One Reason Freelancers Become Failed Bloggers
I’ve discovered one reason freelance writers fail to establish successful blogs. Do you want to know what it is?
Because when you have a blog, you have to write posts to put on it.
I know that sounds super obvious and perhaps even absurd to mention. But, I also know a lot of people don’t think about what that really means.
I’m a perfect example.
Writing For A Living and Blogging
When I launched KnowGoodWords, I had stacked up enough money to take a break from freelancing jobs. That allowed me to work on my site every day as much as I wanted. So, seven days a week, I did something involving this site.
Eventually, I had to go back to writing for money. And that’s when reality bitch-slapped me.
Also Read: Writers Are Sick of Hearing We Have It Easy
In all my months of hard work, despite all my planning, I hadn’t considered a very important calculation:
Time for client jobs + Time for my blog + Time to feed and rest my brain =
My plan [I’m still laughing at my stupidity.] was to devote the time needed where it was needed. I was prepared to work long days for myself and my clients. Whatever it took, I planned to get it all done.
Brain drain wasn’t on my mind. I thought all I needed was dedication. I thought I was going to be able to work like that six or seven days a week until things took off. In my mind, that would be at least 18 months.
No problem. I’d take a long weekend here and there to refresh. Otherwise, I’d be fine.
There wasn’t anything realistic about the thoughts that went through my head back then. In those early months, I was at my desk at about sunrise, sometimes before, and I was there until late at night. We’re talking 15- and 16-hour days.
That schedule wasn’t sustainable.
We’ve all heard about highly successful people who built empires on schedules like that. So why couldn’t I do it too?
Because what is required in other professions and what is required for writers is a lot different.
The singer does not sing 12 hours a day. The boxer doesn’t box for 12 hours. Writers, even the very best ones, have their limits too.
Writers like me often fail to realize that. We tend to overestimate our ability, thinking that as long as there’s time in the day we can squeeze in another writing task if it needs to be done.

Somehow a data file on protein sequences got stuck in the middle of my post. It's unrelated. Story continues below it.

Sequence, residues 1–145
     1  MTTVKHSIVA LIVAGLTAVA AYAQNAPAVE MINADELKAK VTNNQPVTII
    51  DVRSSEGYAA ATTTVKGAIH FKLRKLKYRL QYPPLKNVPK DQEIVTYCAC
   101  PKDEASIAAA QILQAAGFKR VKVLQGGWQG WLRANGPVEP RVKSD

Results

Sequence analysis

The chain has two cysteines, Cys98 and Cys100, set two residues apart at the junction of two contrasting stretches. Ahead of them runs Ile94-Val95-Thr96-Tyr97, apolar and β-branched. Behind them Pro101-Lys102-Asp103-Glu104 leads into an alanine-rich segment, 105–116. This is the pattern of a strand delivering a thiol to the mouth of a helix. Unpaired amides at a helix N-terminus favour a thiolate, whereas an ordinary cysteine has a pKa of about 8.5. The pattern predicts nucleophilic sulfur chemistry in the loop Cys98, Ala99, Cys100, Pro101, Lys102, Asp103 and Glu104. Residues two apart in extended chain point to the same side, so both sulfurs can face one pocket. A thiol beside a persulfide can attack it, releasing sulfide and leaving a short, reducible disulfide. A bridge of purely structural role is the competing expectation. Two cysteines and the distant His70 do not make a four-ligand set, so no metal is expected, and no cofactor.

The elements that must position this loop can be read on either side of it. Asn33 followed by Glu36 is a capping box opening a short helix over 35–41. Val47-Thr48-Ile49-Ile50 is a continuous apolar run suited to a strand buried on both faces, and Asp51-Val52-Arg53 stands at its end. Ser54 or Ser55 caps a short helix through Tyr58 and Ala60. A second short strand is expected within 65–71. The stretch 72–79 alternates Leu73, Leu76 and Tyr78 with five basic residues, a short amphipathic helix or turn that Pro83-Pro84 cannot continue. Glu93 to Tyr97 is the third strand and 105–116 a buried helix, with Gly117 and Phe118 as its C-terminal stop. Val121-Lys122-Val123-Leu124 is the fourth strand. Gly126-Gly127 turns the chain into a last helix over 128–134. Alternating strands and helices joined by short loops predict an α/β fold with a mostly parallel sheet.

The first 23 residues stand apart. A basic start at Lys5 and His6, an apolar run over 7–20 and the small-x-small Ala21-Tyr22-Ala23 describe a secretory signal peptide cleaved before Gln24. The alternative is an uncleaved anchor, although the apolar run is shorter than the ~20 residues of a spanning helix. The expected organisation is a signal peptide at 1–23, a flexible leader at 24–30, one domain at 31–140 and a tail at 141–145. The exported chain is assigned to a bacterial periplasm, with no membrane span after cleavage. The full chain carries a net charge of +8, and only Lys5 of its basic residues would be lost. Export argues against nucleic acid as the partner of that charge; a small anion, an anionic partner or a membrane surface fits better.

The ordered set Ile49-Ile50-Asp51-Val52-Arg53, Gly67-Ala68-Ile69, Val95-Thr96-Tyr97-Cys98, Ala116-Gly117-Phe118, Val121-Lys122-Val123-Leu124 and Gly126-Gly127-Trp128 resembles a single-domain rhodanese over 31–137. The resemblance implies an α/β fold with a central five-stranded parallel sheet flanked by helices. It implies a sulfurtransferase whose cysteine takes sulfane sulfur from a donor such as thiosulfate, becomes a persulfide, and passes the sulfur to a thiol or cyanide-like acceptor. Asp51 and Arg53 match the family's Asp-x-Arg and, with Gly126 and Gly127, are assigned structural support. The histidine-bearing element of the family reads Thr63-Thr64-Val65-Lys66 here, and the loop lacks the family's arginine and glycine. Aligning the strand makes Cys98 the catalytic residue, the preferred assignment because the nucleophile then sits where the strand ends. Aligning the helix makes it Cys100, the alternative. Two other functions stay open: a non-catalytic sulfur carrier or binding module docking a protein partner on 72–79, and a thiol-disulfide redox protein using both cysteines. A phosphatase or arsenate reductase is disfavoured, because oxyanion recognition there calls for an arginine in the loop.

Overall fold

It’s not that simple.
Don’t Overestimate, Calculate
If you’re already writing eight to 10 hours a day to pay the bills, adding another three to six hours for your blog is a lot easier than it sounds.
Spending that much time processing and producing information– usually in front of screen– is not something your mind will be eager to do for long. Once you’re spending over 10 hours a day on a computer, it gets harder to write for work or for personal gain.
Your mind gets exhausted and slows down. The quality of your writing declines. Your creativity fizzles. Days get bleak. And things that you don’t have to do, like write blog posts, don’t get done.
That’s called burnout. It’s real. I’ve experienced it, several times. I’m not quite sure why I didn’t see it coming this time. I think I was blinded by excitement about this site.
I’m not saying this to discourage freelance writers from starting blogs. A lot of us have done it and more will do it. Just don’t go into it as naively as I did.
See Also: What Happens When You Hustle Without A Plan
Figure out how much you need to work for your clients to cover your cost of living . I’m talking the bare minimum you need to get by. Let’s say that’s six hours, five days a week.
Then, figure out how much you’ll need to work to cover your extras, since you probably don’t actually want to live on the bare minimum. So, let’s say that’s another three hours a day, five days a week.
So far, you’ve devoted nine hours a day to your clients, with two days off.
Now, estimate the time you’ll need for your blog. Expect to spend at least one to two hours writing each post, and at least another hour or two for everything that’s required for a successful blog besides writing.
Whatever the total number of hours, whatever the total number of days you ultimately calculate:
- Keep in mind that your estimate may be off, and more time may be required.
- Be realistic about whether it’s sustainable long-term.